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Silver Jewellery Making is both Janet Richardson's and Machi de Waard's first book with Search Press. We caught up with Janet and Machi to find out a bit more about their new book, their inspiration, and their Search Press journey!

How are you both?

Machi – Keeping busy! I'm making lots of new designs and of course trying to get the word out about the book.

Janet – I’m doing well considering the situation we are all dealing with. I’ve been able to exercise more regularly and finally get to grips a bit more with technology. Machi helped me with both and she set me a goal to run 100 miles in five weeks. Without Machi realizing it, it was just right to push me to do this as it’s an attainable target which I’ve just carried on with. We’ve been quite a team over this time with writing and editing the book and keeping each other on track by setting goals.

For those that don’t know you, tell us a bit about yourselves – How did you both meet?

Machi – I've made jewellery since I was young with beads and started making silver jewellery around 2003. That opened up many more possibilities because I could make all the parts of a piece, rather than using a lot of store-bought components. I met Janet when I started taking private lessons with her – which was amazing because she knows so much. Over the years, Janet has been a guiding force for me and has helped me gain experience in many areas of the jewellery world. Janet even helped me become an official British citizen (dual nationality with the Netherlands!) last year in March 2020.

Machi and Janet at the citizenship ceremony

Janet – Machi used to come to me for lessons, she was really keen to learn and start her own business. It became clear to me after a while that we were helping each other. At that point I said let’s stop having lessons and call it networking. We’ve been helping each other ever since and it has been such a bonus for me not to work in isolation.

How did Search Press discover you both? What was the process like of writing the book?

Machi – Actually Search Press approached a jeweller friend of ours first at a craft fair and she wasn't interested but knew that we had been talking about doing a book. She then gave us contact details for Search Press and Janet and I wrote a book proposal. After that, we had a few meetings with Beth and Katie at Search Press to work out the outline of the book. Janet and I worked together on every single sentence of this book!!! We are mostly impressed we're still friends – it was quite an intense process. At first we did everything sitting next to each other, but of course with the pandemic we had to move to Facetime! Our phones ran out of battery quite a few times!! We worked really hard to make the book full of useful tips and try to be as close to being with us in the classroom as possible.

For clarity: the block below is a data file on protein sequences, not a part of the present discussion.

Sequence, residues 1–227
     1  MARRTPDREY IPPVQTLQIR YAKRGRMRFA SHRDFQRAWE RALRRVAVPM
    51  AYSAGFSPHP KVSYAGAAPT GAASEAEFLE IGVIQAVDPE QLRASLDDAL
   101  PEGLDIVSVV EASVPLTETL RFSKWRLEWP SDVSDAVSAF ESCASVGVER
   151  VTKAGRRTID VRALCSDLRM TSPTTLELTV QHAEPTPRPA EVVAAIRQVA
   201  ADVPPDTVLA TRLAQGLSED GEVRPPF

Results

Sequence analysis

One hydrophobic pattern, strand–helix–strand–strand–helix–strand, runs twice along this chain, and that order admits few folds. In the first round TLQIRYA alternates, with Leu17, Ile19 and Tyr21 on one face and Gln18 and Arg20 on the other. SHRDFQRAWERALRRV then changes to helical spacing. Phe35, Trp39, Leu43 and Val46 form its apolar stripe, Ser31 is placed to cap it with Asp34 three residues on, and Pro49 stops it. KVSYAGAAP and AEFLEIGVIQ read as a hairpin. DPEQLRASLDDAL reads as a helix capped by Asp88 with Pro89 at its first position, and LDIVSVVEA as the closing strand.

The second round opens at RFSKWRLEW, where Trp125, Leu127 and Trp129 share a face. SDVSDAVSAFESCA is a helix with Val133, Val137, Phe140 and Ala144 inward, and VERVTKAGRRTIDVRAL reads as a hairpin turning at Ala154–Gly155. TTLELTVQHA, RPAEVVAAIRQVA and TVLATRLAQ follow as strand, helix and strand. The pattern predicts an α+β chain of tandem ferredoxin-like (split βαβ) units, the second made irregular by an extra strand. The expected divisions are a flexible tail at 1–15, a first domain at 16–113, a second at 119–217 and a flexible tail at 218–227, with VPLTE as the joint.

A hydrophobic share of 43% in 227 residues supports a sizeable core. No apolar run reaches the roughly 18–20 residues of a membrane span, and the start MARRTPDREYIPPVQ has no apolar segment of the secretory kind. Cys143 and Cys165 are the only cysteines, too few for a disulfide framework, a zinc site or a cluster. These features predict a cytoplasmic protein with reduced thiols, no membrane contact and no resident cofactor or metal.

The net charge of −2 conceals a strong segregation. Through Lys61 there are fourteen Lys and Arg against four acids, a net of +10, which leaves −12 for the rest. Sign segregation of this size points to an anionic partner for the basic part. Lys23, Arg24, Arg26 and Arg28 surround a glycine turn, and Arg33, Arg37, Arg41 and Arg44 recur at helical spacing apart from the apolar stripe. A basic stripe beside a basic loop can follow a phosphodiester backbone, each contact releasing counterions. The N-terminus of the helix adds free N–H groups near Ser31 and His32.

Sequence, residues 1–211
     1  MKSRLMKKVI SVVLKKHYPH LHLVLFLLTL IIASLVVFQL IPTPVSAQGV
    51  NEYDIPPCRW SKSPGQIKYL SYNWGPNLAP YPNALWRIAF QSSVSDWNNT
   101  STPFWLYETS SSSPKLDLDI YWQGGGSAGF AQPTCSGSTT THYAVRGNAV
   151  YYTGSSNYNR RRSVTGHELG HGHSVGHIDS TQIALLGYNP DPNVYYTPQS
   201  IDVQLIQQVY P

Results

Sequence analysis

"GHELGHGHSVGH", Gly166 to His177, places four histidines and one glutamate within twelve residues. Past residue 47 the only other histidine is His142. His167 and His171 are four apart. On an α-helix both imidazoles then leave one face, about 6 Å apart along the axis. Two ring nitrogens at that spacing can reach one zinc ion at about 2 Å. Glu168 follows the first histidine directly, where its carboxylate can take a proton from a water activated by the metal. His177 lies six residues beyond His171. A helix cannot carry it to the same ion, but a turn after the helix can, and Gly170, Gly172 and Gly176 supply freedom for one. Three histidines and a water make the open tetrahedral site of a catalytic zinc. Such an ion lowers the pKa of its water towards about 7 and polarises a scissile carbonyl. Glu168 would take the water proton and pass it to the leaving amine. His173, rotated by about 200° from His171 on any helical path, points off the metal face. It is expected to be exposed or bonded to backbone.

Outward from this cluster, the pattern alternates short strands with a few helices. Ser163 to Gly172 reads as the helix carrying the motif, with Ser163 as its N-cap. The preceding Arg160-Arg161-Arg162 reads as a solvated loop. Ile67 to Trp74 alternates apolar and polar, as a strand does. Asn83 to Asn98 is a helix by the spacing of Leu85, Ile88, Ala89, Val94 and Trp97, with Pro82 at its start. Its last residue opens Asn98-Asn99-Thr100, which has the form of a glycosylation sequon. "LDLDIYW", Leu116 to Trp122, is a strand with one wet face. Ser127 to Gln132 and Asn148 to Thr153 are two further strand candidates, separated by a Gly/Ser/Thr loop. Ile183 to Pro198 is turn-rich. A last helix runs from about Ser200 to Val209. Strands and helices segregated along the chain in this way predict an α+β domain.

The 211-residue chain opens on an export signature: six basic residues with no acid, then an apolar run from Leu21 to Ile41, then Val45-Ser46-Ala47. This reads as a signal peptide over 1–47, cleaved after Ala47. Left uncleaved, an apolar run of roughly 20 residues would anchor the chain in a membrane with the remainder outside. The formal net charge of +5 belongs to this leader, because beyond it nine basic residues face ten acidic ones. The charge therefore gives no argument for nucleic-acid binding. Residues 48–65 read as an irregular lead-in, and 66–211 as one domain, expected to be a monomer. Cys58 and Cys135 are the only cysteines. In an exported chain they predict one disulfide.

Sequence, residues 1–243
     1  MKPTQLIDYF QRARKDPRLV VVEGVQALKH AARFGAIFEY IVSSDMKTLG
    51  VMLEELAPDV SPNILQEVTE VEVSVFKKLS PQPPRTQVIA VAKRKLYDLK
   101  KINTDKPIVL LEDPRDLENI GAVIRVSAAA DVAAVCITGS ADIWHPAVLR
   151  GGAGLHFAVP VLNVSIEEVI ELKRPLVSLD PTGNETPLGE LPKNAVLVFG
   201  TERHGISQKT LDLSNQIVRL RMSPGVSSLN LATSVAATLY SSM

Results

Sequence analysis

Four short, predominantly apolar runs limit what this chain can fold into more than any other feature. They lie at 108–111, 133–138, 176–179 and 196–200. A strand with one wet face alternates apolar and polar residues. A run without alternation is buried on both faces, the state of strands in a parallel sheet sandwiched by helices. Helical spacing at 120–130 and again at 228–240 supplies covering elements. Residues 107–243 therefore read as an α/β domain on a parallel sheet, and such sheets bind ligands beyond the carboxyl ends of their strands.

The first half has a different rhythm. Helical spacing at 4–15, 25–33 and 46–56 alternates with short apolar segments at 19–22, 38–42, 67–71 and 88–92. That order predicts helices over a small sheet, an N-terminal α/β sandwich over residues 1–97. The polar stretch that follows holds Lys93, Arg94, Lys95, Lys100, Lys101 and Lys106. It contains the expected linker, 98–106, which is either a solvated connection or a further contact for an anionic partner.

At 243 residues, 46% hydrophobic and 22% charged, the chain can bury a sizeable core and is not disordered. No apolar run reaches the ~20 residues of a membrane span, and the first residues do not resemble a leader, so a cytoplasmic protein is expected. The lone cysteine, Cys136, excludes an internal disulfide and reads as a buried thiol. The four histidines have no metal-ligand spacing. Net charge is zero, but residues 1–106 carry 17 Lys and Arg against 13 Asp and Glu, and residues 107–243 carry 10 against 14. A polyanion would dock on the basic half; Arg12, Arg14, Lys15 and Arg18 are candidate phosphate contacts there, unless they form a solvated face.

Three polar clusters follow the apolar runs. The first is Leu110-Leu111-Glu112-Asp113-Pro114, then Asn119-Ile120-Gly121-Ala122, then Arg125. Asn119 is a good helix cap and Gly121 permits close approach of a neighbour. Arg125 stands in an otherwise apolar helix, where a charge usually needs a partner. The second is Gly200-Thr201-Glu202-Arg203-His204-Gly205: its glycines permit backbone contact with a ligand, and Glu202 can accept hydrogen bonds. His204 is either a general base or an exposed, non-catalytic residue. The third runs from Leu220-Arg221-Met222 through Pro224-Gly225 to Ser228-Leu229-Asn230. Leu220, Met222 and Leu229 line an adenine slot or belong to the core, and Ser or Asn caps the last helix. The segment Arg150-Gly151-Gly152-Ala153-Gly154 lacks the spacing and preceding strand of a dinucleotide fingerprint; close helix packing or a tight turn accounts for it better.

Janet – It was Machi’s idea to write a book and she came up with the idea that the course of projects I teach in class, building on your techniques as you progress through them, are far as we are aware is not available in other books.  It was not until Search Press made it a reality that we got on with it.  We heard Search Press was looking for a book of this sort through another jeweller friend so we approached them with our idea and the rest is history, as they say.

What are your favourite projects from the book?

Machi – I really love the first project, two simple rings, because it shows you can make pieces that look good and are immediately wearable when you start making jewellery! I also love the brooch project because I think it really stretches your skills and your design horizons when you make your own findings.

Janet – I really like the brooch project as it teaches the technique I use often with carving. I also enjoy the last project where you learn to fuse scrap silver and shows you the possibilities open to you. It is not often things can be spontaneous in jewellery making but this technique can be while using your scrap up too, double bonus.


Where does your inspiration come from?